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Friday
Dec312010

The Top Ten of '10

Another "Best" List That Nobody Asked For

I’ll always remember 2010 as the year that I bought a house and a car, became a father and a manager at my day-job.  It’s also the year that I yanked Kicking the Seat from blogdom and launched it as an official Web site.

In 2010 I received a fantastic care package from Nancy and Robert Englund and engaged in a very brief altercation with Wayne EwingCory Udler let me know that people take my words seriously.  I was also denied admission into the Online Film Critics Society—which reminded me that I’m not doing this for recognition, but for the fun of watching movies and writing about them (a theme my wife repeats on a weekly basis).

Because I’m not a full-time, paid movie critic, I can’t see every film that hits theatres; so please keep that in mind when you wonder why I didn’t include The American, Exit Through the Gift Shop or Eat, Pray, Love on my list of best films of the year.  You should also know that I’ve only included movies released in 2010 here—which is unfortunate because I saw The Room for the first time in February, and believe it should be on every Top Ten List of every year.  But I’m trying to keep things relevant.

Lastly, if you find these choices outrageous, silly, or lame, I invite you to read the full reviews and find out where I"m coming from.  My criteria for a Movie of the Year is that it be entertaining and surprising, and, ideally, original and moving.  Some of the more obvious choices, like Inception and True Grit didn’t make the cut because I consider them to be obnoxious wastes of time.  Without further ado, I present The Top of ’10:

10.  Incest Death Squad 2  Yes, this is really my choice for the tenth best film of the year.  IDS2 stuck with me for weeks after I saw it; not because of the subject matter, but because of the huge improvement that writer/director Cory Udler made between the first and second films.  In my review of the original Incest Death Squad, I suggested that Cory get out of the horror genre and focus on relationship pictures.  I take it back.  He can do whatever he wants and I’ll give it a watch.  His is the sharpest low-budget local film I’ve seen, and his choice of music alone marks him as a gifted storyteller who gives a shit about delivering the goods.  IDS2 should just be an attention-grabbing horror movie about Bible-thumping brother-and-sister serial killers, but in Udler’s hands it becomes an eighty-minute master course in independent filmmaking.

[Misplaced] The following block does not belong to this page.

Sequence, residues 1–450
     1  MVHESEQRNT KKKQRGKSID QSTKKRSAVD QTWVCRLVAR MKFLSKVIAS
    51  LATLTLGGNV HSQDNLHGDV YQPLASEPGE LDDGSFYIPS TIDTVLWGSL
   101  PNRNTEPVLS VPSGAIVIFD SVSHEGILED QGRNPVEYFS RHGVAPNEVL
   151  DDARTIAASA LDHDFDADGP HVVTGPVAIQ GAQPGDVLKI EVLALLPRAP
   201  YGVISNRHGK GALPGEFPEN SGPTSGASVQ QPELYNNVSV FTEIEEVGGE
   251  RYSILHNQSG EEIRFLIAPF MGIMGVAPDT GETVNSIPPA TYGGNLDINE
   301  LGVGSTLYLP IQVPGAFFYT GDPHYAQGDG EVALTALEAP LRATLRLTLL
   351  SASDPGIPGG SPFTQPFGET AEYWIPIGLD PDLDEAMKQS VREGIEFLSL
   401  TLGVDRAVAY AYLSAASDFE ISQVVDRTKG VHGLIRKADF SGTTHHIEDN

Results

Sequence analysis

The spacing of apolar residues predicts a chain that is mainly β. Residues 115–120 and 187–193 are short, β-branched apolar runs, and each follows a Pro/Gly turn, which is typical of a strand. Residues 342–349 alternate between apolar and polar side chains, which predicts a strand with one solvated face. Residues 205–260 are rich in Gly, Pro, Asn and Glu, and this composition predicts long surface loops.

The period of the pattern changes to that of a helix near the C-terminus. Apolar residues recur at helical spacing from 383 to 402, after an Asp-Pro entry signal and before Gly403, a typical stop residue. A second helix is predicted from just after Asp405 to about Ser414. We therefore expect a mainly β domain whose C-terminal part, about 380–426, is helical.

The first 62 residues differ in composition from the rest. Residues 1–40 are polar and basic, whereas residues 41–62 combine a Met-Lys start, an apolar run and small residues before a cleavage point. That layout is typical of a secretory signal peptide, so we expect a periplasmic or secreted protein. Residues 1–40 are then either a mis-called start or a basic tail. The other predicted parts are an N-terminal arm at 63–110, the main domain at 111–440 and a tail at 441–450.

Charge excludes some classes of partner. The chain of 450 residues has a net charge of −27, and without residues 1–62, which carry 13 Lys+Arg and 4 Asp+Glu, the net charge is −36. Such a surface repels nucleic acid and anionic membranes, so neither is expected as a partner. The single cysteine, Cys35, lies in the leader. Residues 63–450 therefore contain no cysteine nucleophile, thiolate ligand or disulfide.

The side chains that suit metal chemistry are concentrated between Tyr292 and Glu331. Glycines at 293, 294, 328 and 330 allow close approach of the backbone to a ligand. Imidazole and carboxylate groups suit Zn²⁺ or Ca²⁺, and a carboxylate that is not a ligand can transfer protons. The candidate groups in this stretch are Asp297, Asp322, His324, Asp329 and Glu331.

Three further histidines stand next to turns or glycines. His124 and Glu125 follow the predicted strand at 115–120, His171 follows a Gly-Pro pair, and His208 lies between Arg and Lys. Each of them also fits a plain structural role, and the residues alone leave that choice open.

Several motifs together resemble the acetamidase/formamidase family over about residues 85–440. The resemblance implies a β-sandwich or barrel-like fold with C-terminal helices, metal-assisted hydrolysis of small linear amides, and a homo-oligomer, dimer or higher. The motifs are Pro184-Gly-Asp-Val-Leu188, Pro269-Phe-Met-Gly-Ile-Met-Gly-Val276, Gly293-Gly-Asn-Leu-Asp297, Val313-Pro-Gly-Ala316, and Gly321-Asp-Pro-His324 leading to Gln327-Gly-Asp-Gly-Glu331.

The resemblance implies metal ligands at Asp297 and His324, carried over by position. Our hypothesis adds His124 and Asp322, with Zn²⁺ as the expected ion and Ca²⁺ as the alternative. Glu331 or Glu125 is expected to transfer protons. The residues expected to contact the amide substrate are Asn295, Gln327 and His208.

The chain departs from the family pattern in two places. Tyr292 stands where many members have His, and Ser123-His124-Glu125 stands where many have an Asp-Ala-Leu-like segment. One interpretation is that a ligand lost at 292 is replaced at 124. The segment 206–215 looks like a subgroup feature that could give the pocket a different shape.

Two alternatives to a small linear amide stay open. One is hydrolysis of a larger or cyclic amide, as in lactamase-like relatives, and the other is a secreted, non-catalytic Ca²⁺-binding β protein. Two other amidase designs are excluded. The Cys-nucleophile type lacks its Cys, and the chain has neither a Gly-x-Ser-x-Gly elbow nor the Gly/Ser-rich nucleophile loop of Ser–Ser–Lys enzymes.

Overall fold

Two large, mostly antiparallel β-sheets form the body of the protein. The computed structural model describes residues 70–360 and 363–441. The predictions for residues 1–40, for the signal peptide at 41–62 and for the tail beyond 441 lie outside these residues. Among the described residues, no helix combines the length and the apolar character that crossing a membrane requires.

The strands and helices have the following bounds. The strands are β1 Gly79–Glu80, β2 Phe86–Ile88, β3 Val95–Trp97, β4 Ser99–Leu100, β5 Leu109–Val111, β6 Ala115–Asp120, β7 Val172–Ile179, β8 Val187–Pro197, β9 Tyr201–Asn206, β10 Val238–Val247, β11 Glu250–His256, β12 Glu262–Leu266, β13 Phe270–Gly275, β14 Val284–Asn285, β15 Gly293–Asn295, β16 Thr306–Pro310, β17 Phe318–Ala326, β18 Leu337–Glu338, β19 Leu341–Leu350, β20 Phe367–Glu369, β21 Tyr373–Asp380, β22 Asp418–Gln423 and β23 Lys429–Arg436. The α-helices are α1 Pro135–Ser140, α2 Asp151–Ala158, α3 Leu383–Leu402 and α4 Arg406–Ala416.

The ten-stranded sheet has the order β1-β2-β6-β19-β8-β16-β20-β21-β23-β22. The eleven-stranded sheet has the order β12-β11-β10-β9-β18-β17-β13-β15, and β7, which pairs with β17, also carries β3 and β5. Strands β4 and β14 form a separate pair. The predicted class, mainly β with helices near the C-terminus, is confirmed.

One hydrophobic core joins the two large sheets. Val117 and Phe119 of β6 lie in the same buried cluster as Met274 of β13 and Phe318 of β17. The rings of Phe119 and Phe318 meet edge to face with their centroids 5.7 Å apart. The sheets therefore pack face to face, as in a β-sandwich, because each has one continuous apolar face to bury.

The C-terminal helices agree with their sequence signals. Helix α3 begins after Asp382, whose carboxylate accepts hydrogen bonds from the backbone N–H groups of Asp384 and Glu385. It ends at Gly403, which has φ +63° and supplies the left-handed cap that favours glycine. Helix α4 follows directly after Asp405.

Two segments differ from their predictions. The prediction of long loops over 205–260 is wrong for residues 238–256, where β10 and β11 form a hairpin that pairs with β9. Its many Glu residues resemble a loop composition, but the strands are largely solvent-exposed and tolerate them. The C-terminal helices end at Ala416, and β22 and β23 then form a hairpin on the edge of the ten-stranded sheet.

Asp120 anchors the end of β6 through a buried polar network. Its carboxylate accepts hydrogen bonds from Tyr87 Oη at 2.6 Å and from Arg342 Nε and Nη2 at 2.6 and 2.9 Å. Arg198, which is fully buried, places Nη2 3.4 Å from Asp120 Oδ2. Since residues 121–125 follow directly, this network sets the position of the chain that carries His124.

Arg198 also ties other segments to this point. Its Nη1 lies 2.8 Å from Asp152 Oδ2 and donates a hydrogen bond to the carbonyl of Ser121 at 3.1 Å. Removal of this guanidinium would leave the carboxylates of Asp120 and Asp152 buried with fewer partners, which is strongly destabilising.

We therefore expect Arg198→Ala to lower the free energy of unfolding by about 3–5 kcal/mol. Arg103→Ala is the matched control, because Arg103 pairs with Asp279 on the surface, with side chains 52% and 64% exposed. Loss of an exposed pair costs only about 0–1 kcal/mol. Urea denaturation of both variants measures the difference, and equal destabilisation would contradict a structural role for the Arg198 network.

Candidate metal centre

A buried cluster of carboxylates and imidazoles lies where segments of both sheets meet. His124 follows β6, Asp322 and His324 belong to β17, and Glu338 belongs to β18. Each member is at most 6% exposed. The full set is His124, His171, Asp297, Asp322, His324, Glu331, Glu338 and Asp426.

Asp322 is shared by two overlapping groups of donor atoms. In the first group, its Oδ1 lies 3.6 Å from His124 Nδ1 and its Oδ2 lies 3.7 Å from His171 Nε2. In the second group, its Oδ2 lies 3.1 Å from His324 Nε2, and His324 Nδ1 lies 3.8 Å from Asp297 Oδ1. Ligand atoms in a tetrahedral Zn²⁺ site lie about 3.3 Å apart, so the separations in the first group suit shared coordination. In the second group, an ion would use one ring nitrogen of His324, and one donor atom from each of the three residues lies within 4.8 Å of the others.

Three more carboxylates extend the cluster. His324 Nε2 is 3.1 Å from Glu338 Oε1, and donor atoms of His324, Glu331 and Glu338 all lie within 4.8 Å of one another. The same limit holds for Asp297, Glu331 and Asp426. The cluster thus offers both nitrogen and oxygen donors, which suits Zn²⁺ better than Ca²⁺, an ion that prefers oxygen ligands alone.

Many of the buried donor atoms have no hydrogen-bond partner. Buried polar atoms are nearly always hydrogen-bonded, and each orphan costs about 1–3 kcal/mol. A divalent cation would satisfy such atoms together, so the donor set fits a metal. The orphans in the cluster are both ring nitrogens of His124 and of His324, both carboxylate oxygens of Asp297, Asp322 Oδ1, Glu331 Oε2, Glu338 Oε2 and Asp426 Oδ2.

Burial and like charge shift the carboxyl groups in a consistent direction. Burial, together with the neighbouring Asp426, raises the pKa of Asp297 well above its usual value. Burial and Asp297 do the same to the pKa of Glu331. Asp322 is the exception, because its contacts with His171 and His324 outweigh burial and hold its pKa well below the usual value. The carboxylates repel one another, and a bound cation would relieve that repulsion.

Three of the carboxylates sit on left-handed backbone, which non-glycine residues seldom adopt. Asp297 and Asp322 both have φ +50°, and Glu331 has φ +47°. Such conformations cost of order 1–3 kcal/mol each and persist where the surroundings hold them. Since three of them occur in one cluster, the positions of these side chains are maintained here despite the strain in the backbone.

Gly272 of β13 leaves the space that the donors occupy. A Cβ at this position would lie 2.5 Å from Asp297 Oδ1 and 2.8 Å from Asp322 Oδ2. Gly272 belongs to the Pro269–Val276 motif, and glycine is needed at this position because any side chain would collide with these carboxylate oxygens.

9.  Let Me In  A lot of horror nerds considered the idea of Matt Reeves remaking Let the Right One In to be sacrilege.  I think Reeves goes one better, and I still can’t figure out if it’s simply the Americanization of the material or the narrative tweaks that helped the flow that won me over.  But this story of a lonely pre-teen boy and his new bloodsucking best friend works very well, thanks in large part to Kodi Smit-McPhee and Chloe Moretz’s chemistry, along with some terrifically sad-sack work by Richard Jenkins.  Purists may scoff, but this adaptation of the Swedish original has fire and blood in its veins.

8.  Daybreakers  An Ethan Hawke vampire movie?  Released in January?  Who knew such a lethal combination could add up to an exciting, original piece of sci-fi/horror?  The Spierig Brothers throw everything they have at the screen; fortunately for us, what they have is balls and imagination, populating a post-apocalyptic, vampire-dominated Earth with details as grand as daytime-driving camera domes on cars and as minute as the blood-inspired paintings hanging in a Yuppie’s condo.  Daybreakers is fun and funny, scary and thought-provoking.

7.  The Kids are All Right  Lisa Cholodenko’s movie about a lesbian couple raising two teenagers who seek out their biological father contains some of the most honest performances I’ve seen this year.  Mark Ruffalo and Julianne Moore are so natural that their scenes take on an air of professional improv.  And it’s a testament to Cholodenko and Stuart Blumberg’s script that Annette Bening’s Nic inches out of caricature to give the Overbearing Careerist Mom a big, beating heart.